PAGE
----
For the first time in the festival’s 33 years, "Riverfest" in Mendon has been canceled.
The festival was scheduled to take place Aug. 13-15.
Organizers said the decision was difficult, but was one that had to be made.
Spencer Howe, in his second year as president of the festival board, said both he and vice president Roger Cupp had been discussing potential cancellation for months. They looked to other festivals in the county and delayed the decision as as long as possible.
“This was very hard for me personally, and hard for the group,” Howe said. “I’ve thought about this every single day for the last three months since we all first learned of COVID-19. When we actually came to the time that I had to push this to a vote with the board, I had a few sleepless nights.”
The official vote was carried out by email, which is one of the main forms of communication by those on the board. The vote, which took place last week, was a unanimous 6-0 to cancel the festival.
Unknown factors surrounding COVID-19 played a key role in the decision, as did considerations about planning. Howe said even if there is a significant change regarding the virus sometime soon, the festival would not be able to get off the ground in time.
“We also face the inability to acquire sponsorships in such a tough time. We rely on our sponsors to fund the festival,” Howe said. “We couldn't do it without them. With the current state of the economy, especially small businesses, it just simply wasn't in the cards this year.”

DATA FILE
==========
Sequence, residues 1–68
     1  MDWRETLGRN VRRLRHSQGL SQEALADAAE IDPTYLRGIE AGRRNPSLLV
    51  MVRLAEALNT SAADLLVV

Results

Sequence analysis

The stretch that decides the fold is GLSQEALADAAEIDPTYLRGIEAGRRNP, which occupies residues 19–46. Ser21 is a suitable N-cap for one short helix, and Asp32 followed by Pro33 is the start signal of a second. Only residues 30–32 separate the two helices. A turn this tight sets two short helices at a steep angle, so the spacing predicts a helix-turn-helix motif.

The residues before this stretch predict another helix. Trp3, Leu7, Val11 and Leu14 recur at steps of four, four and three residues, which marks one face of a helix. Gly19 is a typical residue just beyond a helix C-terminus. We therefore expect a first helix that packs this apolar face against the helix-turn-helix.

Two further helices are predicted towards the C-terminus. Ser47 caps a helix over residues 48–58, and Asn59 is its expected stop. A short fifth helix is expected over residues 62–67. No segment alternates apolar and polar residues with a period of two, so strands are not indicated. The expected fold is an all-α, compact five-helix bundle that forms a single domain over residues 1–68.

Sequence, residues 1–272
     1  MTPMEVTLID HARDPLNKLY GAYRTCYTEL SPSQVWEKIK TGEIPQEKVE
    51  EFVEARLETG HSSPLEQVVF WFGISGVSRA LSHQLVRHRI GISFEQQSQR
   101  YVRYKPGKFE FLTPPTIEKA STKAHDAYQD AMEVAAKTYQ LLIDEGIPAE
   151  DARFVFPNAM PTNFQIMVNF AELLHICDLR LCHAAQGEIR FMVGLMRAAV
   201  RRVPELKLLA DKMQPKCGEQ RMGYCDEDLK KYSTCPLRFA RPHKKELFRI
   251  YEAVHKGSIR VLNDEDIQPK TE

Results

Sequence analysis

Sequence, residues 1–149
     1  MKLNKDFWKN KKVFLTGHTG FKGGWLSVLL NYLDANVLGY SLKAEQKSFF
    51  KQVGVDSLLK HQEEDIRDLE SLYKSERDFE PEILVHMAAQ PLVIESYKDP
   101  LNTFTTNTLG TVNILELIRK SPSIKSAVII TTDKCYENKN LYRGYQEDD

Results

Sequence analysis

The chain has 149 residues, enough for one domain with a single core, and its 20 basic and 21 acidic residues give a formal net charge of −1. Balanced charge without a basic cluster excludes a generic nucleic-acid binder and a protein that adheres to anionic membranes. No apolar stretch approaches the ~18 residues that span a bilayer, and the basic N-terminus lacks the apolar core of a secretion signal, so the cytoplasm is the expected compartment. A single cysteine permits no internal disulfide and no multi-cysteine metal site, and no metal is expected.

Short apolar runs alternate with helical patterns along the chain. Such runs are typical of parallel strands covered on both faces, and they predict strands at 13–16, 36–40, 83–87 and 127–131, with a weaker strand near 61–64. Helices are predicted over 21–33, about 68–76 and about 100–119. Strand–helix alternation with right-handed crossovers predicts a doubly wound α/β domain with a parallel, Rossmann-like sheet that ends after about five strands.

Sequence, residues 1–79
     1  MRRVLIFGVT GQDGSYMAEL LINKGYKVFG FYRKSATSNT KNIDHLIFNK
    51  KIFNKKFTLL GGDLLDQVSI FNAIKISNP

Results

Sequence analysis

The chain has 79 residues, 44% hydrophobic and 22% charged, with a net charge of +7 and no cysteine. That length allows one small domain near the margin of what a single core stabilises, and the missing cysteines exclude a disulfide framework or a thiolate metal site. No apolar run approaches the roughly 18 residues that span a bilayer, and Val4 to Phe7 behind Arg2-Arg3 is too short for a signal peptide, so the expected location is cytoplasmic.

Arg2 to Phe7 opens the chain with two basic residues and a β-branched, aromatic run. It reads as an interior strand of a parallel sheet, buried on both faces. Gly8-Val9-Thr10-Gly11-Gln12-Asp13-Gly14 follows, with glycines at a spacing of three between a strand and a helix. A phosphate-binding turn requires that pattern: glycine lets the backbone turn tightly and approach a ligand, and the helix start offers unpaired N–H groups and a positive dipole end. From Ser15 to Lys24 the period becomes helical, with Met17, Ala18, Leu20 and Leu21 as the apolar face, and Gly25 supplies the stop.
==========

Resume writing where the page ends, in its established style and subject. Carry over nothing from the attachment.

There was no outside pressure to cancel the event, Howe said.
“I took into consideration the opinions of our board members,” he said. “I had spoken with close friends and family about it who knew this was weighing on my mind, and it just became reassuring that this was the best decision to make. At the end of the day, we also felt that if we were able to carry out the festival that our turnout would take a hit due to the lingering fear from COVID-19. We felt this was the best decision to make, especially when considering our community and keeping everyone safe and healthy.”
Despite the festival being canceled, Howe said there is still the possibility for some community activities in summer 2020. Organizers have not ruled out the chance for a parade or a fireworks show. But that, Howe said, also may depend on how the COVID-19 situation progresses.